Submitted to: Journal of Coastal Research
Publication Type: Peer Reviewed Journal
Publication Acceptance Date: 9/19/2003
Publication Date: N/A
Citation: N/A Interpretive Summary: Beach restorations of barrier islands can be beneficial to coastal marshes, but may also have detrimental effects on intertidal macrobenthic communities. The effects of a recent beach restoration of deep-burrowing ghost shrimp populations was investigated through comparisons of sediments from disturbed and undisturbed sites, and monitoring population recovery at the restored sites. Locations that had undergone beach restoration showed no minimal evidence of population recovery 2 years post-restoration. Sediments at the primary restoration site were high in silt/clay composition which may have prevented larval recruitment and population recovery. This information can be used to design more appropriate restoration plans that account for macrobenthic communities.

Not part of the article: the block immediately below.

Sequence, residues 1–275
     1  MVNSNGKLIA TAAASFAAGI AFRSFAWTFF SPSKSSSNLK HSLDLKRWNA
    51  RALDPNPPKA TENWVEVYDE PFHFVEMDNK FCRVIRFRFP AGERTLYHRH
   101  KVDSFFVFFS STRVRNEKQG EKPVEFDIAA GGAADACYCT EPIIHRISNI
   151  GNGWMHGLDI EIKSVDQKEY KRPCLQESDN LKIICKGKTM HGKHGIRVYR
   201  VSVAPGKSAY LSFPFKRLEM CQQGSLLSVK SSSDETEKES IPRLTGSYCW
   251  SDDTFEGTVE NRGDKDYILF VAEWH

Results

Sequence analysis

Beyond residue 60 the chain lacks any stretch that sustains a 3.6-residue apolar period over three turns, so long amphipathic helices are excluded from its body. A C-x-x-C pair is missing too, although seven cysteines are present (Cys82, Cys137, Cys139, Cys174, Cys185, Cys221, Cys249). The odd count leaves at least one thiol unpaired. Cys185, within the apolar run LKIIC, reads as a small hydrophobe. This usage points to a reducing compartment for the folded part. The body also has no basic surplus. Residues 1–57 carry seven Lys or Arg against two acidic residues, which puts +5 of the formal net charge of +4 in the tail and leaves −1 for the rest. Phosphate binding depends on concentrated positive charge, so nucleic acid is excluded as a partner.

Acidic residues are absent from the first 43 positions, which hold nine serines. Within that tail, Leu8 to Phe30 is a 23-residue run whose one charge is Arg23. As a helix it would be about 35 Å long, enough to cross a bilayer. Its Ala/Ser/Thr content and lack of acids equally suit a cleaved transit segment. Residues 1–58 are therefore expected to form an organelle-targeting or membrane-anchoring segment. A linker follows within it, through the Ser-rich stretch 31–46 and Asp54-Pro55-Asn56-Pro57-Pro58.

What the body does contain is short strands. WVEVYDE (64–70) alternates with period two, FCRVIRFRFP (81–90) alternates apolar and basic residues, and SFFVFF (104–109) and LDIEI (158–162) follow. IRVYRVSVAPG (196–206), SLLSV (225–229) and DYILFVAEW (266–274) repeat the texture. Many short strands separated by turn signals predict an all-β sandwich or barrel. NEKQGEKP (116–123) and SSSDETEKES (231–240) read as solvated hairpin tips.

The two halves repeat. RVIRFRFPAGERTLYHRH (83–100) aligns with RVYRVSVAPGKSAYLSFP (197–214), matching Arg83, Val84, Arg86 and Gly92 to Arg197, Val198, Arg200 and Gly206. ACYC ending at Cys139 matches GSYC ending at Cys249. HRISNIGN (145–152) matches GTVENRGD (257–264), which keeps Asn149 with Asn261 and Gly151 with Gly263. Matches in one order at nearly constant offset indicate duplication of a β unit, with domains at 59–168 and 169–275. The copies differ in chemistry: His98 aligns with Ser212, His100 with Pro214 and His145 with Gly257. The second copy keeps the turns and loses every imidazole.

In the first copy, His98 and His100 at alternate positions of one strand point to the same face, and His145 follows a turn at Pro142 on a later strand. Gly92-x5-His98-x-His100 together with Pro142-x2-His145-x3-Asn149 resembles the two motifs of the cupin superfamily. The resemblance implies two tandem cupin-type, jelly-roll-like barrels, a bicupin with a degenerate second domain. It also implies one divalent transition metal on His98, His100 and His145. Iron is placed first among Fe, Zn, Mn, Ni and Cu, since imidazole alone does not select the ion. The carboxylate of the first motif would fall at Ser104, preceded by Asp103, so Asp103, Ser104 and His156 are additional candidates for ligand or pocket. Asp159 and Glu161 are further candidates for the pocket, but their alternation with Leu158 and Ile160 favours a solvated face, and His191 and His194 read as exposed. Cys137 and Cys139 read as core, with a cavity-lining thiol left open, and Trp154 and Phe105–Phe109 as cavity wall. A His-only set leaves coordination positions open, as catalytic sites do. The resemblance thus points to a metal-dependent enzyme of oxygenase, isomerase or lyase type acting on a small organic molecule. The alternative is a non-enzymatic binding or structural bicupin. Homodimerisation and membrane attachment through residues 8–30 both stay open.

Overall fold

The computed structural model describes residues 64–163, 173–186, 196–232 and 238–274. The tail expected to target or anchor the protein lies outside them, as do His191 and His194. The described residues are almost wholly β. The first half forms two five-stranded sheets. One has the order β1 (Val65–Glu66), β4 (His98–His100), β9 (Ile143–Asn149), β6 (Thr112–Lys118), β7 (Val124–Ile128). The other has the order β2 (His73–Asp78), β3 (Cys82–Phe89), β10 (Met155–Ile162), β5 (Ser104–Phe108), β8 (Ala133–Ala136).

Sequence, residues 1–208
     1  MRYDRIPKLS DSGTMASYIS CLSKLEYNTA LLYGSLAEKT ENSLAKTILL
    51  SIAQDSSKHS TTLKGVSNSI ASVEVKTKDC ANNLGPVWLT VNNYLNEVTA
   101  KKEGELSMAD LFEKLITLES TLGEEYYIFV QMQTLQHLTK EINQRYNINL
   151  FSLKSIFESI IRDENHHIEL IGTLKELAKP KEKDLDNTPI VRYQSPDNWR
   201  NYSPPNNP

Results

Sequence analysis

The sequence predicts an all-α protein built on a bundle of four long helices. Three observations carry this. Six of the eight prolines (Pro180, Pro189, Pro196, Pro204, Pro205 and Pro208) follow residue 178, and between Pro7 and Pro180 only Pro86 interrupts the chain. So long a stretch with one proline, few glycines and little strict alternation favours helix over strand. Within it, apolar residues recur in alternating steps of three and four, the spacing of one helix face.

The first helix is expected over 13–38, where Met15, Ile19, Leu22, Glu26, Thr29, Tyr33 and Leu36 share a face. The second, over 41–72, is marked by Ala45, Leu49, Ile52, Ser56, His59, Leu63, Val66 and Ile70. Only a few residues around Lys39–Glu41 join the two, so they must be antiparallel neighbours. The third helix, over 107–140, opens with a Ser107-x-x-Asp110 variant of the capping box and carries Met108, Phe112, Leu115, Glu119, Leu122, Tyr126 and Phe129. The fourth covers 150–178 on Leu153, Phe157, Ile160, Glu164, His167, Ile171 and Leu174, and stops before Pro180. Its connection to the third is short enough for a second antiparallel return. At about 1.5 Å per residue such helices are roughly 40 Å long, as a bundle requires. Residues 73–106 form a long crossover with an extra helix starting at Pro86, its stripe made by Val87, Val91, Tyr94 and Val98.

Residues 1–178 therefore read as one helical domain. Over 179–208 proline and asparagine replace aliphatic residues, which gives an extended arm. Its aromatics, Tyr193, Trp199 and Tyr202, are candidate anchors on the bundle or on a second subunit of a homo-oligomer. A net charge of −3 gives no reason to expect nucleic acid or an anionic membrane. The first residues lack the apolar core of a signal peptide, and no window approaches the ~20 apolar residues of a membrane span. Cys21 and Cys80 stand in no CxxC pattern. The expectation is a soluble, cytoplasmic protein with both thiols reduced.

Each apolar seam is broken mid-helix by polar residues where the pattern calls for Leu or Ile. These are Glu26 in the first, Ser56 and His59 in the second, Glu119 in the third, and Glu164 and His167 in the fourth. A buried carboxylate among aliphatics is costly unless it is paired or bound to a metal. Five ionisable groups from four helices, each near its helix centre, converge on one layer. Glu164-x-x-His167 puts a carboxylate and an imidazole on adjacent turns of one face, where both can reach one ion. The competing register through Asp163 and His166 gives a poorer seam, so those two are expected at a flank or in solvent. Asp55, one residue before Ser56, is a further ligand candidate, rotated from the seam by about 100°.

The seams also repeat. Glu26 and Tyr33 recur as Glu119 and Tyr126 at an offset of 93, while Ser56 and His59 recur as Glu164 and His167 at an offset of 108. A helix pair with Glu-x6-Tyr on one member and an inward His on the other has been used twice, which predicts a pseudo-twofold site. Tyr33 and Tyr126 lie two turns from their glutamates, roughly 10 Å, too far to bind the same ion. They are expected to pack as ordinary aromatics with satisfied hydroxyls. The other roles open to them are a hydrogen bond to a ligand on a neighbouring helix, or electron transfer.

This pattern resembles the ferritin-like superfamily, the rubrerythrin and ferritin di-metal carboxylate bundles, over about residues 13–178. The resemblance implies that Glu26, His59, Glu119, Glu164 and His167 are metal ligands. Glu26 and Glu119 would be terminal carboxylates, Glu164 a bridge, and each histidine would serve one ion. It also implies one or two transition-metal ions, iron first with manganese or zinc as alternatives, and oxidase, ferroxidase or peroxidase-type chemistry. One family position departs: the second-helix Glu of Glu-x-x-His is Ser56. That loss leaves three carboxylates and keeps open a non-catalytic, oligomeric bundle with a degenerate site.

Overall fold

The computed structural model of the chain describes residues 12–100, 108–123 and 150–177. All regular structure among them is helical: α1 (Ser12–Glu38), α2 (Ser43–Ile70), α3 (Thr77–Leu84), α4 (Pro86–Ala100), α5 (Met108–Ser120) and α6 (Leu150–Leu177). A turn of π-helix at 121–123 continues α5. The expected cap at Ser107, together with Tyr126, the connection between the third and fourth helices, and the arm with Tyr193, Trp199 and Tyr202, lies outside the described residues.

Technical Abstract: Two barrier islands of the Isles Dernieres chain of Louisiana were recently renourished with dredged sediments taken from the adjacent estuary. This study addresses the impact of beach restoration on intertidal populations of the burrowing ghost shrimp, Callichirus islagrande. Sediment characteristics of the restored sites and neighboring sites (both with and without shrimp) were compared and the effect of sediment alteration of recolonization rates was examined. Beach height was increased by an average of 2.4m. Differentiation among sites with respect to silt/clay, sand, and shell fractions was significant (P < 0.001). East Island, the primary site of restoration, had the largest proportion of silt/clay sediments (40% of total) whereas Trinity Island had the largest proportion of shell (12%). Minimal population recovery (total = 3 individuals) was evident 2 years post-restoration. High levels of silt/clay loading at East Island appear to have slowed population recovery.